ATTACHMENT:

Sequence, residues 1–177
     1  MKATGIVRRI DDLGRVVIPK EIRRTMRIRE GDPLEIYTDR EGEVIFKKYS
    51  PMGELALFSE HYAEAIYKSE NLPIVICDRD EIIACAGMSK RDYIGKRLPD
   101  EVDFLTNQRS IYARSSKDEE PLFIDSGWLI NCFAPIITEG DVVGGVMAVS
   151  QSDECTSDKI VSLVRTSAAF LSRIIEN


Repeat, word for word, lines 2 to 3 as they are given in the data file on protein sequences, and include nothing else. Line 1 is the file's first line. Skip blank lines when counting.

     1  MKATGIVRRI DDLGRVVIPK EIRRTMRIRE GDPLEIYTDR EGEVIFKKYS
    51  PMGELALFSE HYAEAIYKSE NLPIVICDRD EIIACAGMSK RDYIGKRLPD